While dad and I were out buying the seafood, Mum made us the best tomato salad for lunch. Simple and delicious, letting the ingredients speak for themselves. Cherry tomatoes in red, yellow, green and brown, each with a slightly different taste, kalamata olives, goat’s feta, olive oil and mint.

It looked so good on the plate you began eating it with your eyes. Thanks Mum – so glad to have been able to spend the afternoon with you (and of course Dad too !).

I hope everyone else had as wonderful a Mother’s Day with their families and wish all Mother’s a Happy Mother’s Day !


Brussel Sprouts

I have never had the misfortune of eating boiled brussel sprouts and I think that being served this way at many a school dinner has given the humble brussel a bad rap. It would be a shame to boil the life out of any vegetable.

I spotted some at my supermarket the other day and decided that they would accompany our steak dinner.

Simply cut in half if they are large (mine were) or cut a cross in the base so that it helps them to cook through more evenly. If you really don’t like vegetables with crunch to them you can steam them for 3-5 minutes before flash frying them.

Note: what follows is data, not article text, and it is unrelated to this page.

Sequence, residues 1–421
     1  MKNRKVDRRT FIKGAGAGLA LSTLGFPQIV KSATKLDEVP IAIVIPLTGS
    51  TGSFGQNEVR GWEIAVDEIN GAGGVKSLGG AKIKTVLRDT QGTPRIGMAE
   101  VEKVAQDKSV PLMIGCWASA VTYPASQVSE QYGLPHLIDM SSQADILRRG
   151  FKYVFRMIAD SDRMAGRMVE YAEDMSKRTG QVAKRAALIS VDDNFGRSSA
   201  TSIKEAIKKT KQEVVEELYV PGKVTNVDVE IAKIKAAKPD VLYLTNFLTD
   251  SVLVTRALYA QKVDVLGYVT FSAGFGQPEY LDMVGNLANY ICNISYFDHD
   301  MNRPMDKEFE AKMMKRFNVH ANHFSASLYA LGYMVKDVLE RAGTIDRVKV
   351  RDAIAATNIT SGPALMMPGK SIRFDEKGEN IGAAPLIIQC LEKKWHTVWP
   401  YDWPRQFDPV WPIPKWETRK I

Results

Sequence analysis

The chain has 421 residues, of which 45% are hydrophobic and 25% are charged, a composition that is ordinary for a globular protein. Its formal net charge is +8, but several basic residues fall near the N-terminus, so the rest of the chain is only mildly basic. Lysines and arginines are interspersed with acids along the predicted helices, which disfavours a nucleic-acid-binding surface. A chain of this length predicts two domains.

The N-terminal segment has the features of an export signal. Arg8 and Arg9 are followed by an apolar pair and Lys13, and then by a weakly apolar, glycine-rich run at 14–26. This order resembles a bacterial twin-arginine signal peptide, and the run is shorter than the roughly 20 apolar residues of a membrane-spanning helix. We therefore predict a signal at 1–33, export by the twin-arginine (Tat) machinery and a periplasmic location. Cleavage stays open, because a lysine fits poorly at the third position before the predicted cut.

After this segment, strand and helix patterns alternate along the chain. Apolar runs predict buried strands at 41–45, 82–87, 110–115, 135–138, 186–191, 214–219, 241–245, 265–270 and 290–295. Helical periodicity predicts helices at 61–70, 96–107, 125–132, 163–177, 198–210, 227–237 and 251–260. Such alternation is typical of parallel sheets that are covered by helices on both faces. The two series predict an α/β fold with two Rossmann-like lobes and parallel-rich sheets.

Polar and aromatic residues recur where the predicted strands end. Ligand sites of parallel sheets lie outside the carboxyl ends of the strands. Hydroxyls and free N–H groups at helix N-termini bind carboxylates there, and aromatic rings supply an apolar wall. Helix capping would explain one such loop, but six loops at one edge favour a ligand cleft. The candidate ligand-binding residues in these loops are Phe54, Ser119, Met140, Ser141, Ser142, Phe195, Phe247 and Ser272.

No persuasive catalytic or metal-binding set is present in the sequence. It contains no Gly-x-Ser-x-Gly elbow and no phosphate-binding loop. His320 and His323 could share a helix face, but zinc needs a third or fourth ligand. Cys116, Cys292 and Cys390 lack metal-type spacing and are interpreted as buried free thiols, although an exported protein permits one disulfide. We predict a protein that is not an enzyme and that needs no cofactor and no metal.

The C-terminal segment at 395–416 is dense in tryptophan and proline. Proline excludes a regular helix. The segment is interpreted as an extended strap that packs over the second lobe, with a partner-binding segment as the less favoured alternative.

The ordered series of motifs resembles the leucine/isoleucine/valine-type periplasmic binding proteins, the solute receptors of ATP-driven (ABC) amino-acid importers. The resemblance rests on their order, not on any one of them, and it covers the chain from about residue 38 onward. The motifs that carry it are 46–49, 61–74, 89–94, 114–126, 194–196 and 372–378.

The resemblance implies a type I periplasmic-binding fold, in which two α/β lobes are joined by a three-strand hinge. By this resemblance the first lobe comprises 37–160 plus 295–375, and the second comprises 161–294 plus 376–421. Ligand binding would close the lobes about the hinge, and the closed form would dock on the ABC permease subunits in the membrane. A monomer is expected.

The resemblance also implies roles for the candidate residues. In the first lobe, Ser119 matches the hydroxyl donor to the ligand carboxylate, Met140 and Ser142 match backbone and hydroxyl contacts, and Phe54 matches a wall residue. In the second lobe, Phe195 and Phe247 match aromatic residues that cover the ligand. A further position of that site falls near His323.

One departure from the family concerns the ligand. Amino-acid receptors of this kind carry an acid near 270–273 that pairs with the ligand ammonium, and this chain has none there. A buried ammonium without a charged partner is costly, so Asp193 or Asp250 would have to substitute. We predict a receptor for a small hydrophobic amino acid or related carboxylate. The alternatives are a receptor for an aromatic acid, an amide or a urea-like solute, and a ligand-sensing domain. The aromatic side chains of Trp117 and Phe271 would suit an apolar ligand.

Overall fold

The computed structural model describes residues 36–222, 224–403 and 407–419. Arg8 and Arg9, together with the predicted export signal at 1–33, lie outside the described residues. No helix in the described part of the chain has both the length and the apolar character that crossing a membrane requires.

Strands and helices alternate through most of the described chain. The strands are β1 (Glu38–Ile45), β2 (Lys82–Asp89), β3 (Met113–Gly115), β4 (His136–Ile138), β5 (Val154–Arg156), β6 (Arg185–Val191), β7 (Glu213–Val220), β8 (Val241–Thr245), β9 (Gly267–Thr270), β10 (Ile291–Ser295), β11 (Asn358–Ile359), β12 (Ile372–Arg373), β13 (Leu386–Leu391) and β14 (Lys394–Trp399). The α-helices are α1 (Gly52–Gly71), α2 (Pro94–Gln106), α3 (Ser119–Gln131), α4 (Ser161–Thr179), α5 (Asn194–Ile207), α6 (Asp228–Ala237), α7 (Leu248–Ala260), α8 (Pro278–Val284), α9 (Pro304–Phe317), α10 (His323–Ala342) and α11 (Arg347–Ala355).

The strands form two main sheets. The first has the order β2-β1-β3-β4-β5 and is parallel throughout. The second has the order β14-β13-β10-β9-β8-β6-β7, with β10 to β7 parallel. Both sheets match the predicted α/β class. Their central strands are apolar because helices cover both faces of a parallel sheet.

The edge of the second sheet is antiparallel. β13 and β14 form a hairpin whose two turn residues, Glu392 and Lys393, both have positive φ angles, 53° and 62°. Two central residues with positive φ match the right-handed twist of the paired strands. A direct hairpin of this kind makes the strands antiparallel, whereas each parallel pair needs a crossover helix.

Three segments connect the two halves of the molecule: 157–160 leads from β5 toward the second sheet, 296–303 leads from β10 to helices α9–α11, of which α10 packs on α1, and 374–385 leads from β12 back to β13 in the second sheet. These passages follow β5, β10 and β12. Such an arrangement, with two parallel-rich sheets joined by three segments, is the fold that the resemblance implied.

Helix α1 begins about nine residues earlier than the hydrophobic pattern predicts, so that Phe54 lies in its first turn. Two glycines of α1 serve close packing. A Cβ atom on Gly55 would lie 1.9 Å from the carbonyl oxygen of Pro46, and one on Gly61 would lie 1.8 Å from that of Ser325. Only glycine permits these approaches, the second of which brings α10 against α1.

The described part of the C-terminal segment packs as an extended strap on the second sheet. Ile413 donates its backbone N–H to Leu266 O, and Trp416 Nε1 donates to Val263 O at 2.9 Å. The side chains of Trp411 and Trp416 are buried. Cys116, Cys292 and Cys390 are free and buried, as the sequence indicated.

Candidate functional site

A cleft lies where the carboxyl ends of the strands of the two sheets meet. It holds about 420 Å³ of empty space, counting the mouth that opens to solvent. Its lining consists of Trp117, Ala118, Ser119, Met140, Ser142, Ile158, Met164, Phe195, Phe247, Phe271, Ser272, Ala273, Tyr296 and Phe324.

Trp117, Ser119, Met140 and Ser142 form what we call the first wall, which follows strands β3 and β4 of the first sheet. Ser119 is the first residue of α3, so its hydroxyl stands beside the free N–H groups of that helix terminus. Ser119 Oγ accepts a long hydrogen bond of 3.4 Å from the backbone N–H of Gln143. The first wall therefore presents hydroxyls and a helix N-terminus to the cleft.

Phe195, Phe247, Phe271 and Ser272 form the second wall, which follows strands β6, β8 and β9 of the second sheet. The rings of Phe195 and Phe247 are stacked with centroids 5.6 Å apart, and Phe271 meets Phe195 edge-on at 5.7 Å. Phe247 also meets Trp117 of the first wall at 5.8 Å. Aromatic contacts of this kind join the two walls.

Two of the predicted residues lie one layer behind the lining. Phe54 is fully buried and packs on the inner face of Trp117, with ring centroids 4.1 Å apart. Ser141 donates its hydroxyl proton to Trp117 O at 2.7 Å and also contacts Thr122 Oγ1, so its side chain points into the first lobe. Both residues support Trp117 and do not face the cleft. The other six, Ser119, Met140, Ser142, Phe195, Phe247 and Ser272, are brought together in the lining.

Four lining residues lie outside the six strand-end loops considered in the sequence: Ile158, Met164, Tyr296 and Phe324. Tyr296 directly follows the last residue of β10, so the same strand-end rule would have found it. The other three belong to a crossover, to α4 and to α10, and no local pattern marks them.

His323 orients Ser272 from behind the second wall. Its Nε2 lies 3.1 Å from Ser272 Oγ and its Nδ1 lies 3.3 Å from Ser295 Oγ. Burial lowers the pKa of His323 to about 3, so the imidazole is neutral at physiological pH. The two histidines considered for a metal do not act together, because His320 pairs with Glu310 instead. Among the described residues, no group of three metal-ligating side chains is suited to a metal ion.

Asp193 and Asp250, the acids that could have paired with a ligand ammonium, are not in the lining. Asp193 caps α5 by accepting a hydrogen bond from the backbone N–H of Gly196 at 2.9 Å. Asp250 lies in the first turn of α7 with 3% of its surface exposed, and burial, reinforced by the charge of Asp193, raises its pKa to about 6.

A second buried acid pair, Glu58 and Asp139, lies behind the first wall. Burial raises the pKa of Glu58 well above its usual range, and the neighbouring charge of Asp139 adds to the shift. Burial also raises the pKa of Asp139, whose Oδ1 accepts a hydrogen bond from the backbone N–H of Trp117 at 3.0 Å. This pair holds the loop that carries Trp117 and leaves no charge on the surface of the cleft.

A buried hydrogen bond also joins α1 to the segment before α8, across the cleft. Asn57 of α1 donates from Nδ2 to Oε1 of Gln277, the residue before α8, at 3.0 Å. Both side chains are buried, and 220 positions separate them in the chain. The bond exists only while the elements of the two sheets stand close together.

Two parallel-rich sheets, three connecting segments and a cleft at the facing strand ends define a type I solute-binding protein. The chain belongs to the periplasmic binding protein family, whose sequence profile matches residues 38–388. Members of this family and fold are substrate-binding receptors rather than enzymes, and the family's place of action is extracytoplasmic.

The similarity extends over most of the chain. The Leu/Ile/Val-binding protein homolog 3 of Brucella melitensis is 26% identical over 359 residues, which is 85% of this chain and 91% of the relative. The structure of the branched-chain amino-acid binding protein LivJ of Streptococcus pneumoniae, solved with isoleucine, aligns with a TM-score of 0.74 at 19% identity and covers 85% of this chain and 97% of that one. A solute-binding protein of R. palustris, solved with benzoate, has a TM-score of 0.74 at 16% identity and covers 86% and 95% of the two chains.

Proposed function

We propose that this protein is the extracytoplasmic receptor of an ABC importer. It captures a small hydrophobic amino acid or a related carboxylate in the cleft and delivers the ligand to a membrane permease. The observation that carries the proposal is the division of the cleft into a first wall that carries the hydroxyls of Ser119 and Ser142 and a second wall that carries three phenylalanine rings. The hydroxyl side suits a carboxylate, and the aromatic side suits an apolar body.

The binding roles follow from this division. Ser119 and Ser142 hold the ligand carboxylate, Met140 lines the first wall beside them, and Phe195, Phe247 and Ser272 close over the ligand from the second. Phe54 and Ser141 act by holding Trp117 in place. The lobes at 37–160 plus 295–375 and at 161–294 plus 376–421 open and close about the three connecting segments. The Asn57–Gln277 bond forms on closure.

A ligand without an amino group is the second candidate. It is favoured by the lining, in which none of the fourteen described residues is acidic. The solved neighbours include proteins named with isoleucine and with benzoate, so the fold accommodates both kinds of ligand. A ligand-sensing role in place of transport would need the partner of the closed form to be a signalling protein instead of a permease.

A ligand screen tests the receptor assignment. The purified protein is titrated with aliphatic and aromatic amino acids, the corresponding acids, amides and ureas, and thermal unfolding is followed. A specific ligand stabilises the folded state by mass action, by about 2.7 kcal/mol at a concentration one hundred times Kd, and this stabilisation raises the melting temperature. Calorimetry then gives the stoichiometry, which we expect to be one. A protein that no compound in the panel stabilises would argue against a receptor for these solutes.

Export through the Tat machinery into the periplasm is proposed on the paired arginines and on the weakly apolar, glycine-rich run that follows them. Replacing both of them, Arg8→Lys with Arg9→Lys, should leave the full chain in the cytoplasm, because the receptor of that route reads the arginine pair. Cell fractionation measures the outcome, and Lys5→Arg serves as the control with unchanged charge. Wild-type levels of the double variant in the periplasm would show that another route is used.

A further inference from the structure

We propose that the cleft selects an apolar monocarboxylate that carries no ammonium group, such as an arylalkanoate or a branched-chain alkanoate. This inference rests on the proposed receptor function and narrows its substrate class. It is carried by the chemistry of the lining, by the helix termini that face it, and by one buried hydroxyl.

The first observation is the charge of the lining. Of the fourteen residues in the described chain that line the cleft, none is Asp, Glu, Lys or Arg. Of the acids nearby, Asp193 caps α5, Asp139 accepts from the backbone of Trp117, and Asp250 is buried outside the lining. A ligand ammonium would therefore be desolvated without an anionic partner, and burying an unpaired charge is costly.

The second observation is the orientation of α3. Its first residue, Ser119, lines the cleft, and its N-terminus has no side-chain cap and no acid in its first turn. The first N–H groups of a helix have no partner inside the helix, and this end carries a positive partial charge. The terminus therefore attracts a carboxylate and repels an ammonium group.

Melt some butter and olive oil in a pan, and once the butter is bubbling, pop the brussels in for 5 minutes, tossing a few times, until there are nice brown crispy bits on the edges.

Season with salt and pepper and serve with a good squeeze of lemon for that extra zing.


Salt Grill at Level 55 Ion

Passionfruit and banana soufflé with a marscapone sorbet

I love this place for more than the food. They’ve done such a superb job of making you feel like you’re somewhere special, from the strange entrance through an art gallery to a starfilled private lift area and lift that takes you to only one floor – 55. And from that darkness you enter a spacious room that is flooded with natural light.

The food though, is the real reason to go to Salt Grill. Previous visits gave me enough incentive to try new dishes. This time, a roasted gnocchi with pork and fennel sausage, and his signature dessert, a liquorice parfait with lime.

Roasted gnocchi with pork and fennel sausage

I don’t normally choose gnocchi – I find it a bit too doughy and heavy for my liking, but I loved the sound of it with the sausage and was delighted to find that the dish was lightened with the addition of brocolli tips/flowers and pangritata.